Two graduation services in June show how Fruitland Baptist Bible College is expanding its satellite centers to equip more church leaders across North Carolina.
In a June 6 graduation service at the main Hendersonville campus, diplomas and certificates were presented to seven Hispanics and 15 African-Americans, while associate degrees were presented to seven Anglo graduates. Fourteen more Hispanic students received certificates during a June 13 graduation exercise in Statesville. The service was another historic first for Fruitland as 13 of 15 African-American graduates came from Rocky Mount to receive their certificate of Christian leadership, completing two years of study at the Rocky Mount campus in cooperation with the North Roanoke Baptist Association.
As the congregation declared “amens” and at times stood or applauded, James Gailliard, senior pastor of Word Tabernacle Church in Rocky Mount, told the graduates the only way to stay on the right path through life is by trusting “the right Somebody,” meaning Jesus Christ, not intellect or degrees.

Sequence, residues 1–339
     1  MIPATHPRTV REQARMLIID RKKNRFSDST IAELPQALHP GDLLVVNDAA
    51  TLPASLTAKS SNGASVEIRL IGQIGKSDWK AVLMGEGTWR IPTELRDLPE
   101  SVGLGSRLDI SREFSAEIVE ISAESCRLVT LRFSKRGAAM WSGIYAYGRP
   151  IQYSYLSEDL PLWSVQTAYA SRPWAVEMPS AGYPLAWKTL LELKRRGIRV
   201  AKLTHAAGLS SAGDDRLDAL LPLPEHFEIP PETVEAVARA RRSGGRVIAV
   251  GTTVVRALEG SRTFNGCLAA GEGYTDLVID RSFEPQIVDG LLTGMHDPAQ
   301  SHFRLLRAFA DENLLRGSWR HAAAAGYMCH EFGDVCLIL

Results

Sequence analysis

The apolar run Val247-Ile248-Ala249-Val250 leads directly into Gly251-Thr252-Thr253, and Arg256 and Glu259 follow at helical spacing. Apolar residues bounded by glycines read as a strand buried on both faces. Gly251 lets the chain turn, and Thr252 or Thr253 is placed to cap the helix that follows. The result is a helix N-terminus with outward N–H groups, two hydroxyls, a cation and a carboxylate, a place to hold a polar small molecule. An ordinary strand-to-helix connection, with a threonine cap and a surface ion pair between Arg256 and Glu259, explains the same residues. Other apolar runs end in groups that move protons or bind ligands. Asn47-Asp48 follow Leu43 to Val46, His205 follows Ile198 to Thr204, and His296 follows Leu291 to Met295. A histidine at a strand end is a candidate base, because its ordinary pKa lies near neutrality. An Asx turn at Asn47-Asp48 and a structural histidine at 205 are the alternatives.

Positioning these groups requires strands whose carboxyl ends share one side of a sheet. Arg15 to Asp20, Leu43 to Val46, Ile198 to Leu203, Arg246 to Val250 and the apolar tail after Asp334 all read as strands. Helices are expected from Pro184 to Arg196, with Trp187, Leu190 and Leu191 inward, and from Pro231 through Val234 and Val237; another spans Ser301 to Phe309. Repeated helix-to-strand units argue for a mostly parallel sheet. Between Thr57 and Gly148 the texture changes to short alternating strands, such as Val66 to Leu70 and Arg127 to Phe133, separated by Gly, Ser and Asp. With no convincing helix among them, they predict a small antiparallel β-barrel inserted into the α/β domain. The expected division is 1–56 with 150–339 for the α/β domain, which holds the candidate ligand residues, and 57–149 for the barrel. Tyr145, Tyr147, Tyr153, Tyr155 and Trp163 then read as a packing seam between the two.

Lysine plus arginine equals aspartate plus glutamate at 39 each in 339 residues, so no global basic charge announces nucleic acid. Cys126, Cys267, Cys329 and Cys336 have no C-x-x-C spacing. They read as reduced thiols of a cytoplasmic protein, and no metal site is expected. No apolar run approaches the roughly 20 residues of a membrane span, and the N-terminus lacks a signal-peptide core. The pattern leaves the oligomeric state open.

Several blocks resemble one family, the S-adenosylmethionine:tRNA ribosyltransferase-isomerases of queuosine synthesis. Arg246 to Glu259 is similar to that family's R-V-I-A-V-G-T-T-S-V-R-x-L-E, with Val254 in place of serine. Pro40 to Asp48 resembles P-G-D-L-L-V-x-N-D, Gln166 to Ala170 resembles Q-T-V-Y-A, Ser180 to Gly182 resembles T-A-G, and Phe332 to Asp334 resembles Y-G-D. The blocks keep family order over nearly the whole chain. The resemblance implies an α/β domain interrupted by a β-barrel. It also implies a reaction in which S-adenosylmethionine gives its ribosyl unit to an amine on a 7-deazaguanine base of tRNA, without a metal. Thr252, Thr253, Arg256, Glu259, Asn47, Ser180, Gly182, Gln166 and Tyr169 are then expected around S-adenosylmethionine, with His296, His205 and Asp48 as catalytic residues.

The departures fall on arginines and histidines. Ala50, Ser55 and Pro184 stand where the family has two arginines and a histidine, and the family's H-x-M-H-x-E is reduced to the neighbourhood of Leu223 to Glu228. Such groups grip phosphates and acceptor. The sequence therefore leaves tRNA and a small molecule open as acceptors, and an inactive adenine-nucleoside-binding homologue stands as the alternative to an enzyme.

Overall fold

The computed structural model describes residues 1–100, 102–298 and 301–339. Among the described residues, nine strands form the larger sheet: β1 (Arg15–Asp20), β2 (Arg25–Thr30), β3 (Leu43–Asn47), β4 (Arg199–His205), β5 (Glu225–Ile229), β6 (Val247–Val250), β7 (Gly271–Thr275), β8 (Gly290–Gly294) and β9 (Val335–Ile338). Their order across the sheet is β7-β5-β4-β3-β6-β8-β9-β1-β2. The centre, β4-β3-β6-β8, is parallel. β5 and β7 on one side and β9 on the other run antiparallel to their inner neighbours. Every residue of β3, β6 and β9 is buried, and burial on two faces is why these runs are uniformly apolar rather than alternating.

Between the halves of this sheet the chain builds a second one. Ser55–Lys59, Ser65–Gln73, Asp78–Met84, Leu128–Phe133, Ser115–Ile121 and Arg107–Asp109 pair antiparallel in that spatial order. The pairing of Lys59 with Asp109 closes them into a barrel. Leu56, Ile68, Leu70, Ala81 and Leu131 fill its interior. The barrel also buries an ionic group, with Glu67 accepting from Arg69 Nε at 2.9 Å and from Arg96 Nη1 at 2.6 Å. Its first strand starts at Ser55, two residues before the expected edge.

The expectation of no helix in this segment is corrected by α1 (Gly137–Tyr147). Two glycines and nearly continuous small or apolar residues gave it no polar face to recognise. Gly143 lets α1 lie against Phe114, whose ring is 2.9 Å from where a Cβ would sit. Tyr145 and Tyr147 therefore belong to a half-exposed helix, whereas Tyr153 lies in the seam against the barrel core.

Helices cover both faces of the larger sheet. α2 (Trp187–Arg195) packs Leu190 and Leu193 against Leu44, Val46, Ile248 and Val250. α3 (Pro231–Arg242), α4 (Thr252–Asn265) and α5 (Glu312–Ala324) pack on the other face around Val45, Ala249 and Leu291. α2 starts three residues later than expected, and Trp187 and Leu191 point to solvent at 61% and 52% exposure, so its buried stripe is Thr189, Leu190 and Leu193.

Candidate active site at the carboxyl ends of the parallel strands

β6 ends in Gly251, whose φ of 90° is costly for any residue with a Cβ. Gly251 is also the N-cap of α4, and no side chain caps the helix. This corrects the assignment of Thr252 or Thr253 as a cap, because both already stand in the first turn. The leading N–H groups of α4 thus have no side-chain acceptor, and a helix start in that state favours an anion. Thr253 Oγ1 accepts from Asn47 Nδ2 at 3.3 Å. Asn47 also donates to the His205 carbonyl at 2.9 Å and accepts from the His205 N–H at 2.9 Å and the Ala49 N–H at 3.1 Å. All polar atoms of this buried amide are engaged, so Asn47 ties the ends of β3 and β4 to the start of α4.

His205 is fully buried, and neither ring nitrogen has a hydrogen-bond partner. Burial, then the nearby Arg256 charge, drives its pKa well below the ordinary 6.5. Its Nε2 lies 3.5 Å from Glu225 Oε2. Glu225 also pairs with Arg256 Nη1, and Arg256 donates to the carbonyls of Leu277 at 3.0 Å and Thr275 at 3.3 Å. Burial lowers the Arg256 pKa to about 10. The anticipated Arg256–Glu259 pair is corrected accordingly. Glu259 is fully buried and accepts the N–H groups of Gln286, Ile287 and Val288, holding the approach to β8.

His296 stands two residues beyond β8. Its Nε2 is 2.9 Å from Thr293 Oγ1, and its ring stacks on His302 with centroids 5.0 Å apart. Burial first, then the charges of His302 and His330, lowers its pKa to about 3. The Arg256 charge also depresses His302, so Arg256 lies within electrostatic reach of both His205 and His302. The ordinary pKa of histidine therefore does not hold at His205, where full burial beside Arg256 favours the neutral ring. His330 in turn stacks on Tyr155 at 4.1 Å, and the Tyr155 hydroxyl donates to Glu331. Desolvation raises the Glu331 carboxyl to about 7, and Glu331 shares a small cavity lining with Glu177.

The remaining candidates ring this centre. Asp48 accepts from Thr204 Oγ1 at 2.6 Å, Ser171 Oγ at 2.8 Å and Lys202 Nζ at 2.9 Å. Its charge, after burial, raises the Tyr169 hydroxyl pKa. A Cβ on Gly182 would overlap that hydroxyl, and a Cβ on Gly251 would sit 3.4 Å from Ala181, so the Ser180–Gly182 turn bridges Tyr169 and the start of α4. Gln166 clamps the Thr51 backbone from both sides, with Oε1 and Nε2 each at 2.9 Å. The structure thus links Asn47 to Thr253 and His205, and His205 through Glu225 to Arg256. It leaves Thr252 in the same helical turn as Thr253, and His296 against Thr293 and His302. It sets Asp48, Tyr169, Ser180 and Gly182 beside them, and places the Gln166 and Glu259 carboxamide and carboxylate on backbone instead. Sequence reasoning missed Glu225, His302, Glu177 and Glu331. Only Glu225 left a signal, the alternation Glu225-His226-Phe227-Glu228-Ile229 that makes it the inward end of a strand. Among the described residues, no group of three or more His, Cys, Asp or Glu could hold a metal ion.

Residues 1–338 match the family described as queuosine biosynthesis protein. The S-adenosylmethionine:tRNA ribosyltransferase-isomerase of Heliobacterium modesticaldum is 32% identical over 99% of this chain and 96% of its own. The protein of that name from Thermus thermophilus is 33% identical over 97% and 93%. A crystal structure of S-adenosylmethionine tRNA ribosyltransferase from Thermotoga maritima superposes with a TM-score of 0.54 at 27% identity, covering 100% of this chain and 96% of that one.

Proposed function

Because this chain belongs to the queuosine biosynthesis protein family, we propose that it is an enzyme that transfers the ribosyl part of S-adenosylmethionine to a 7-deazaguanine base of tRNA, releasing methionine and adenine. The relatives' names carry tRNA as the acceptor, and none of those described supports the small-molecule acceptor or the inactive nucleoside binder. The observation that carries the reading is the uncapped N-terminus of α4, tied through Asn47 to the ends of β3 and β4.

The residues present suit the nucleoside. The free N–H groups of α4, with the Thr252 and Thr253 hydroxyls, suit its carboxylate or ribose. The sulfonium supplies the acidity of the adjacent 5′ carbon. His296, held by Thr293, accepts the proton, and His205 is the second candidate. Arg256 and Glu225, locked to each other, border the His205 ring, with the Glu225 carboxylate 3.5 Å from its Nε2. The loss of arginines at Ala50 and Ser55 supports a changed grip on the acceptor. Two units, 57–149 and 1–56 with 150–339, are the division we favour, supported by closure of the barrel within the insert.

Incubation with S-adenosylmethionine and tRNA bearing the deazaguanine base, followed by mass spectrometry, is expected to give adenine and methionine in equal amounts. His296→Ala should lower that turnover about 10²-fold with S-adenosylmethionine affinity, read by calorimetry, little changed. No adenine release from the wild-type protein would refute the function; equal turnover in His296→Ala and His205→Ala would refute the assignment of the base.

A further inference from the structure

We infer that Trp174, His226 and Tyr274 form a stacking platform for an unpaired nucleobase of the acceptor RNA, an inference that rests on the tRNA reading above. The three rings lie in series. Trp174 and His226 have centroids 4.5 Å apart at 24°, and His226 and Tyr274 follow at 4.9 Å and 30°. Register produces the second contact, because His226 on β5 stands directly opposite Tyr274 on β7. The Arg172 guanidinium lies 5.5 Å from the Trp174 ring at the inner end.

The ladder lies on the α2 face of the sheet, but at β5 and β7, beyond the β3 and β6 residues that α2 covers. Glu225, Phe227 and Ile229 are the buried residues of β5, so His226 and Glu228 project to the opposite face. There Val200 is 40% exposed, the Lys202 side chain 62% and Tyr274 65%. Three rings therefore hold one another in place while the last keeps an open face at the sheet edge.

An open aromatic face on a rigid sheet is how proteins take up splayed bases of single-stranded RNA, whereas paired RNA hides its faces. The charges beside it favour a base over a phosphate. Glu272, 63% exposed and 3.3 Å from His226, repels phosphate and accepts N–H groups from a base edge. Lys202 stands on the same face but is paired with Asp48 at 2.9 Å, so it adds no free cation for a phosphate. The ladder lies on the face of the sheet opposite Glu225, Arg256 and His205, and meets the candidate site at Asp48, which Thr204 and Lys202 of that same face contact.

“We have to learn to rejoice right where we are,” he said. “Don’t get caught up in what you don’t have. Praise God for where He has you right now.”
He compared life to a toy jack-in-the-box whose puppet pops up as the handle is cranked. “Life may push you down. You may make mistakes. But the Holy Spirit will crank you back up. God is faithful and just,” he assured.
BSC photo by Mike Creswell
Graduates can’t hide their excitement after shifting their tassels during a ceremony June 13 at Front Street Baptist Church in Statesville. Fourteen Hispanics completed diplomas in Christian ministry through one of Fruitland Baptist Bible College’s satellite campuses.
Graduates should realize that God has a purpose for their lives, relating this to the last words of Jesus on the cross saying, “It is finished.” Jesus was saying, “I have finished my assignment,” Gailliard said.
“My degree at Fruitland is finished, but my learning’s not finished. My loving is not finished. My making a difference is not finished. So make up your mind that there is some work that God has for you to do,” Gailliard urged.